These essays reveal fresh aspects of Bernard Shaw by examining his relationships with twelve interesting figures, both famous and unknown. How could Bernard Shaw have found anything to admire in Queen Victoria? Or in the passionate evangelical "General" William Booth of the Salvation Army? What possible connection could there be between Shaw, the passionate socialist, and the Tory Winston Churchill, who seemed to represent everything Shaw should have rejected and despised? In this book, Shaw scholar Stanley Weintraub explores the relationship between Shaw and twelve of his contemporaries, including Queen Victoria, Oscar Wilde, H.L. Mencken, James Joyce and Winston Churchill. Weintraub chooses these individuals as lenses through which to look at Shaw and also to look for ways in which their lives are illuminated by their often paradoxical relationships with Shaw. While Shaw never met Queen Victoria, his sovereign during the first 45 years of his life, the degree of her influence is apparent in Shaw's reference to himself in his ninth decade as "an old Victorian". Weintraub explores those in the literary world who interacted with Shaw, such as H.L.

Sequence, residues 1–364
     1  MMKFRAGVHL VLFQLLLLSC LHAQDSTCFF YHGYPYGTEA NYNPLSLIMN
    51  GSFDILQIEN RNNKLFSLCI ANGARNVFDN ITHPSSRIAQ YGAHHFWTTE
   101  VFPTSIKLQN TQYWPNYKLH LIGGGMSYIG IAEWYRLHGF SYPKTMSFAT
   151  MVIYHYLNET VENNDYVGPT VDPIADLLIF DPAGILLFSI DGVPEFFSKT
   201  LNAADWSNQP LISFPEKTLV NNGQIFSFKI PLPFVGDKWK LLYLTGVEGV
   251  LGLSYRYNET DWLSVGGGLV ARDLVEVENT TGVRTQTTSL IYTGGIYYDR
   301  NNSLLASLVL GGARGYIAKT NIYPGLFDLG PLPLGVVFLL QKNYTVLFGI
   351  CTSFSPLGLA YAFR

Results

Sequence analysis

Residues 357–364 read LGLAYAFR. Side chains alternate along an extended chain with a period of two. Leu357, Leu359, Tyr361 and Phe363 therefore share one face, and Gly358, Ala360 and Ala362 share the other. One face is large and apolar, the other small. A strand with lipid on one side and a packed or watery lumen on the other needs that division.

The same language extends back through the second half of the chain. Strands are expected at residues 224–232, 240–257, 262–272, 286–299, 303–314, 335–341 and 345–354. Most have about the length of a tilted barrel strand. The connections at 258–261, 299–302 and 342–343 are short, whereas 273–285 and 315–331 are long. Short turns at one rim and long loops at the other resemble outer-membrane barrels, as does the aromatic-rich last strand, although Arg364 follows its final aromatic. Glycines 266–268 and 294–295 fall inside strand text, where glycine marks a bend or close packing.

Mencken, one of Shaw's earliest American fans, who turned against his hero at the peak of his transatlantic reputation, and James Joyce, who was loth to confesss his respect for his fellow Irishman. He also investigates the curious mutual admiration between Shaw and W.B. Yeats and Shaw's championing of Oscar Wilde despite the vast difference in their lifestyles. The investigation of each of these twelve relationships illuminates different facets of Shaw, from his pre-dramatist years in London to the close of his long life.